VALUE JUDGMENT: It worked!! We may have been the silliest pair of girls running (oh, besides the ones wearing tutus and santa outfits ... and the people dressed like bananas ... um, and the people wearing the trash bags...), but I wasn't unhappy at all when it came time to leave a few layers behind.

Something unexpected was the 48 minute wait in our "wave" before starting. [FYI, the "wave" was determined by the amount of time you set as your goal for finishing the race. Everyone selects a completion time when they register for the race. Then you get assigned a letter and you're supposed to line up in front of the post with your letter on it. Well, they gave up on posting letters to the corrals after the letter 'N' and we were in Wave 'O' -- pretty much a free for all!] Supposedly the race began at 8 am. Once we got all set up in our corral, we heard from Father Henry (who completed his 18th White Rock marathon yesterday!) that the official start time was 8:10. They let the wheelchairs go first, then the elite runners, then each wave starts, one at a time. I guess after the 'N' wave they just turned us all loose!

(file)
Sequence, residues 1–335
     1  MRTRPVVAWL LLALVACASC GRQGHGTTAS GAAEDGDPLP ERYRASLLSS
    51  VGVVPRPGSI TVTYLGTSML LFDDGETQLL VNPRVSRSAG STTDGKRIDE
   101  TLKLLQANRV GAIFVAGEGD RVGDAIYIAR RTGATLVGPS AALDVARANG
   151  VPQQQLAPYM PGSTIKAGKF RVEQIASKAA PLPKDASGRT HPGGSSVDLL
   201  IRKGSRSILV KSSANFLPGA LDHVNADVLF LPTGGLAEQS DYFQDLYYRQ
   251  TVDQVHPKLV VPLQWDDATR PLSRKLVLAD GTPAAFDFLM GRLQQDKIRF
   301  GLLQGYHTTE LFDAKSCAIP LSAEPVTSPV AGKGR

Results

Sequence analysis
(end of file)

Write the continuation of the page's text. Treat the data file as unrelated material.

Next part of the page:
The greatest part of waiting for 48 minutes was waiting together with Fr. Henry. It is great to hear snippets of his experience as a veteran runner. He ran the Boston Marathon on its 100th anniversary. His favorite is the New York Marathon, which he's run twice. He told us about the Boroughs and how they vary so vastly in the ways their residents interact with the marathoners. I felt uncomfortable as the speakers blasted Katy Perry songs in front of my pastor. He and Jess joked about whether or not this would be a "PR Day" for him, and it was determined that it might be, only for the amount of time he had to wait before actually crossing the Start -- previously, his longest wait was 38 minutes! I had no idea what a "PR Day" was so they explained: "PR" means "personal record." Excellent. It was a PR Day for me from that moment! Thank you, Father, for the blessing gained in the waiting.

"but they who wait for the LORD shall renew their strength;
   they shall mount up with wings like eagles;
they shall run and not be weary;

   they shall walk and not faint."